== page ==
Primary Care seemed as equally perplexed as I was and again eluded to this being a bit out of their wheelhouse, they were slightly taken back at us being directed to them but did some research and found a few possibilities. There were a few “conditions” that also had links to dermatological conditions that could be the underlying cause so we agreed to go forward with testing. Her PCP felt obligated to search for anything he could and being that we were led his direction we were going to travel that road with him without question. That same night with the promise of SEVEN new toys (thank the lord for the dollar store) I carted a screaming Mermaid in for blood tests and her chart was sent to neurology for a chart review. Most of the tests were straight forward and results poured in less than 24 hours later. Negative after negative after negative. I was happy, but still felt frustrated to have no concrete answer or validation.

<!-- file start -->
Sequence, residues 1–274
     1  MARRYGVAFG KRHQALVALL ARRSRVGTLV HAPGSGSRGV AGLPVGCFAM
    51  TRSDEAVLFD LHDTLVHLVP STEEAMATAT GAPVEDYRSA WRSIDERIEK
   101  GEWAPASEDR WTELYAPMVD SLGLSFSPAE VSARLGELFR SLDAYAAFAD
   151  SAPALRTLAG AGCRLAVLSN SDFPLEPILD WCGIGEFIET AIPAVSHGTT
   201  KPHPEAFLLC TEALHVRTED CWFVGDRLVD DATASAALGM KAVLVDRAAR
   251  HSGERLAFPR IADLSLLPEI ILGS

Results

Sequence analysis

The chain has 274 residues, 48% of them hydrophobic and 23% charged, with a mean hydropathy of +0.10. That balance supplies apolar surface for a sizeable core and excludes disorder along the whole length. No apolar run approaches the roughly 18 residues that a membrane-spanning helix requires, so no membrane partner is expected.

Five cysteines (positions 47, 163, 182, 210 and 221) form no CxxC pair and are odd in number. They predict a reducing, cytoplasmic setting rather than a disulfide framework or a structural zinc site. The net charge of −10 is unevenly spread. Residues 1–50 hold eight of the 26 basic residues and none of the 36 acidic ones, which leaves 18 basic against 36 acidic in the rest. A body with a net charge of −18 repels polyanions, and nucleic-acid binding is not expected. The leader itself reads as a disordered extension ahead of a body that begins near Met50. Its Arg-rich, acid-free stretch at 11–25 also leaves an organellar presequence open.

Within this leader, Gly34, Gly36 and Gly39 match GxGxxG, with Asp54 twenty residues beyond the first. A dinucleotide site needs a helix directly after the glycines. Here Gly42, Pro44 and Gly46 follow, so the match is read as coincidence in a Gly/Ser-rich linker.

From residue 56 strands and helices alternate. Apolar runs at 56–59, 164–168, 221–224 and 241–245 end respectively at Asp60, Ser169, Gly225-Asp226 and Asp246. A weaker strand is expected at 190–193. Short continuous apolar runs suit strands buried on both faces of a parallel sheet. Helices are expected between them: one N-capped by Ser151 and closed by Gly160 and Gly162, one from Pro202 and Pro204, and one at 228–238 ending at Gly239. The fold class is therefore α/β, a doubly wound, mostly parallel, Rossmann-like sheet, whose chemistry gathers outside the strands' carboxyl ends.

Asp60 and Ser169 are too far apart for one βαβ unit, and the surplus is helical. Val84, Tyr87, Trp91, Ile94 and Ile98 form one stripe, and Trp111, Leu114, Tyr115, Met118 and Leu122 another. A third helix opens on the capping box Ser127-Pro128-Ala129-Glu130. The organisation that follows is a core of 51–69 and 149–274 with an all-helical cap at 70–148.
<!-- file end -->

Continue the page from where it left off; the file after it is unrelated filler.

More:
The following morning as soon as I started seeing the negative results I made one last attempt at answers and reached out to Oregon Health and Science University where the Pediatric specialist for dermatology we previously met with resides. On our luck he had a same day appointment and off we went.

I left happy, aggravated yet understanding on all fronts. On our third connection we were assured that yes, Mermaid DOES in fact have a bit of a double whammy. She has EHK & LEN, just as I thought, EHK is a form of Ichthyosis and BOTH of them have the potential to cause overheating depending on the location. The vast majority of Mermaids fills her left armpit and as a result has clogged her sweat glands preventing her body from cooling itself properly. Essentially it causes her to internally heat up quicker. I suppose this sheds a small light on my midget sized nudist.